The Jewish community of Yemen is an ancient one, thousands of years old. According to tradition, the first Jews who came to Yemen were wealthy Jerusalemites who, 42 years before the Babylonians’ destruction of Jerusalem and the first Bet Hamikdash, heard the prophet Yirmiyahu’s warning of the impending catastrophe, and left for Yemen. Historians place the first Jewish community in Yemen 300 years later.

The Jews of Yemen are known for their talents as artisans, but also for their piety and commitment to Torah. Yemenite Jewry produced a number of outstanding sages, the most famous among them being Rabbi Shalom Shabazi (1619-1720) and Rabbi Shalom Sharabi (1720-1777). But Yemenite Jewish history also contains a great deal of pain and struggle – oppression, forced conversion, imposed second-class citizenship, and poverty. On numerous occasions, groups formed to escape Yemen and travel by foot to Eretz Yisrael – a distance of over 1,000 miles.  Sadly, many perished along the way.

The 21st-Century “Magic Carpet”

Shortly after the founding of the State of Israel, in 1949-1950, the newly-established Jewish State launched Operation Magic Carpet, a mission to rescue Yemenite Jews and bring them to the Holy Land. Approximately 49,000 Jews were brought to Israel during this operation. Unfortunately, many of these new immigrants faced enormous challenges in their new home, suffering poverty, discrimination, and efforts to tear them away from their holy traditions.

Today, only several dozen Jews remain in Yemen, which has been torn apart by a bloody civil war that has raged since 2014.  They are suffering dire deprivation as well as violence at the hand of the Houthis, an Islamist rebel group that has taken control of part of the country. Many of them are ill and starving, without water or electricity, and the children have no schools. The plight of Yemen’s Jews was the subject of a New York Times article published on February 19, 2015 entitled, “Persecution Defines Life for Yemen’s Remaining Jews.”

This article was shown to a number of prominent members of our community, including Mr. Morris Missry, and the chairman and executive director of the Sephardic Heritage Museum – Mr. Joseph Sitt and Rabbi Raymond Sultan. They knew right away that something had to be done.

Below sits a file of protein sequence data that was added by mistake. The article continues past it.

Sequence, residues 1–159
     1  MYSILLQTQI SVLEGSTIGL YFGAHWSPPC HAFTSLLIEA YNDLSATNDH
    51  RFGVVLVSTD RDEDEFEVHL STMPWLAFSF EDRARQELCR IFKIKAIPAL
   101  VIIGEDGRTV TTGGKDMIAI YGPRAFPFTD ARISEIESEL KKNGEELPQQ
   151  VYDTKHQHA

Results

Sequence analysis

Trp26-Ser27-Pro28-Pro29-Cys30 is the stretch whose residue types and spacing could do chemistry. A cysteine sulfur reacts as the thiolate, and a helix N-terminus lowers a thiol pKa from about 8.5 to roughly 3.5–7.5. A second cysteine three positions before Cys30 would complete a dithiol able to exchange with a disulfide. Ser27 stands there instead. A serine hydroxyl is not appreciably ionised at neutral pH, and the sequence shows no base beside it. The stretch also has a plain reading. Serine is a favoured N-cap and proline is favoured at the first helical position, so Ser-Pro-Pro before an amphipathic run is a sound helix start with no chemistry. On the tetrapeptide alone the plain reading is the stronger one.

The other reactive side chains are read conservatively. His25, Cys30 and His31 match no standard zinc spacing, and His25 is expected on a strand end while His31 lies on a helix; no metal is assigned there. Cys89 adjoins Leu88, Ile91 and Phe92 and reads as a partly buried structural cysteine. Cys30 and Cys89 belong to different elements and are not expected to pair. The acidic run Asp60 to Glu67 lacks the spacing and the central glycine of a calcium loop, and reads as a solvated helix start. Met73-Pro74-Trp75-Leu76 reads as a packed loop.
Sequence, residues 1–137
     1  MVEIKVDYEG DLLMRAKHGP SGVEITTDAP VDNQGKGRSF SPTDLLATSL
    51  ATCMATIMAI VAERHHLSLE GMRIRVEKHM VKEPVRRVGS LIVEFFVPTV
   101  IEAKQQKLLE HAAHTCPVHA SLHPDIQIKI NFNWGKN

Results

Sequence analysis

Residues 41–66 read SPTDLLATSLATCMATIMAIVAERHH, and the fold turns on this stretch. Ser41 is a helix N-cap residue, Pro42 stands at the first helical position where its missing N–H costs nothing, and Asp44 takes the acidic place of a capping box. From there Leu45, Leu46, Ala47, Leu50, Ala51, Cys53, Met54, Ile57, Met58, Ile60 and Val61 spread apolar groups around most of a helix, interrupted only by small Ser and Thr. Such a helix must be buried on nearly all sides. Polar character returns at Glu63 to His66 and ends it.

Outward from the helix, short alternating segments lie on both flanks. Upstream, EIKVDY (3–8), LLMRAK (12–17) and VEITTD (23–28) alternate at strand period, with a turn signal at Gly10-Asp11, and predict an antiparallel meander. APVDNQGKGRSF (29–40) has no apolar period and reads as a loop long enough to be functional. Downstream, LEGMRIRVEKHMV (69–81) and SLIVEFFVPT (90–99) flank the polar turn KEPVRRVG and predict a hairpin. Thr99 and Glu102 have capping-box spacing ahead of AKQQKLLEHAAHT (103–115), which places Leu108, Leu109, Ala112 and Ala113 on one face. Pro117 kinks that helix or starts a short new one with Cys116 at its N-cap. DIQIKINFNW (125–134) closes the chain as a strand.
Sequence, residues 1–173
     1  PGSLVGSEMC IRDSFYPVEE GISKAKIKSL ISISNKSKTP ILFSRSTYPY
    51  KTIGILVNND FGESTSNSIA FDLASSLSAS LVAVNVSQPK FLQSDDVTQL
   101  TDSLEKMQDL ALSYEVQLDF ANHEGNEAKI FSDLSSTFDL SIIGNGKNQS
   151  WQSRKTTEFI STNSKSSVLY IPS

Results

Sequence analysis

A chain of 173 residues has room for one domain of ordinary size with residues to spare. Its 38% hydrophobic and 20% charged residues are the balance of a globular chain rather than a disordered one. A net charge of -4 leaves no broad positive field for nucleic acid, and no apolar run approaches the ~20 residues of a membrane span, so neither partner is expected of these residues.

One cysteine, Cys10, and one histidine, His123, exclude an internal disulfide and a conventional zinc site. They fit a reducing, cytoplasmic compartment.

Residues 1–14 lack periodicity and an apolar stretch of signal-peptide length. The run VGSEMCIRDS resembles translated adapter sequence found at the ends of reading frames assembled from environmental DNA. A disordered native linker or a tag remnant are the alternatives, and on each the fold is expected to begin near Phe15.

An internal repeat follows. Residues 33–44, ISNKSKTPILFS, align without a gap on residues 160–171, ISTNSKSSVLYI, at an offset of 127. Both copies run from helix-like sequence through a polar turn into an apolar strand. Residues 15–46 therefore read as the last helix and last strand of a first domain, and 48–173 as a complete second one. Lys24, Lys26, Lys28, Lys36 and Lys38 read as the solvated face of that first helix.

The rescue program began by sending a journalist stationed in Yemen to go door-to-door to find out who wanted to leave the war-torn country. The journalist determined that although many were afraid to come right out and say it, they were all dying to leave – both literally and figuratively.

The Sephardic Heritage Museum proceeded to capitalize on its international web of connections, and vast experience in negotiations and diplomacy, reaching out to foreign governments and agencies. Already in 2015, they managed to bring 11 Yemenites Jews to safety. The story is worthy of an action movie – the group had to pass through 15 checkpoints, and the plane was escorted by an American jet until it touched down at a U.S. Airforce base in an undisclosed location.

Over the next several years, from 2016-2020, another 47 Jews were rescued. One of them, after reaching Israel, was photographed holding a Torah scroll next to Israeli Prime Minister Benjamin Netanyahu. The picture was widely circulated, and when the Houthis saw it, they promptly arrested another member of the Jewish community in Yemen on the grounds of conspiring to steal Yemenite artifacts. Rabbi Sultan and his team have been working to have this man released, but have not been successful. The man’s wife was kidnapped, and his father died from the aggravation caused by his son’s incarceration.

Seventeen Jews remain in Yemen waiting to be rescued.

Reunited in Dubai

The historic recent peace agreements signed last year between Israel and several Arab countries have become a valuable asset in this life-saving effort. The United Arab Emirates (UAE), which has forged a close friendship with Israel, has been instrumental in assisting the Sephardic Heritage Museum with their mission.

A Yemenite Jew in England contacted the Sephardic Heritage Museum and asked for help in rescuing his family members trapped in Yemen, whom he had not seen in 21 years. With the help of the UAE, which welcomed the family to their country, the family was brought to Dubai, which welcomed them. The climate and culture of the Emirates are far more suitable for Yemenite Jews than Western countries, and so the UAE was considered a perfect location for resettling the family.

Past, Present, and Future

The Sephardic Heritage Museum was founded primarily to preserve the rich history of the Syrian/Sephardic community, and to educate the current and future generations about our glorious past, which must continue to guide and inspire us.  But in addition, they have shown a commitment to preserve not just history – but Jewish lives wherever they are in danger. To find out more about the museum’s work, and to take part in this life-saving effort, visit www.sephardicheritagemuseum.com.